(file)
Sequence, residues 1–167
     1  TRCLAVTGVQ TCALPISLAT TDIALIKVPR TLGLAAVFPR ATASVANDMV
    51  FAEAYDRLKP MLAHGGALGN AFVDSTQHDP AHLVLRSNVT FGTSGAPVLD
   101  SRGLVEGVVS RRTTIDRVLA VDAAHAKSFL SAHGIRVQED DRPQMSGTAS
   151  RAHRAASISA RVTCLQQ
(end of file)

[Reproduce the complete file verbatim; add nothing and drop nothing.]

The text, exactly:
Sequence, residues 1–167
     1  TRCLAVTGVQ TCALPISLAT TDIALIKVPR TLGLAAVFPR ATASVANDMV
    51  FAEAYDRLKP MLAHGGALGN AFVDSTQHDP AHLVLRSNVT FGTSGAPVLD
   101  SRGLVEGVVS RRTTIDRVLA VDAAHAKSFL SAHGIRVQED DRPQMSGTAS
   151  RAHRAASISA RVTCLQQ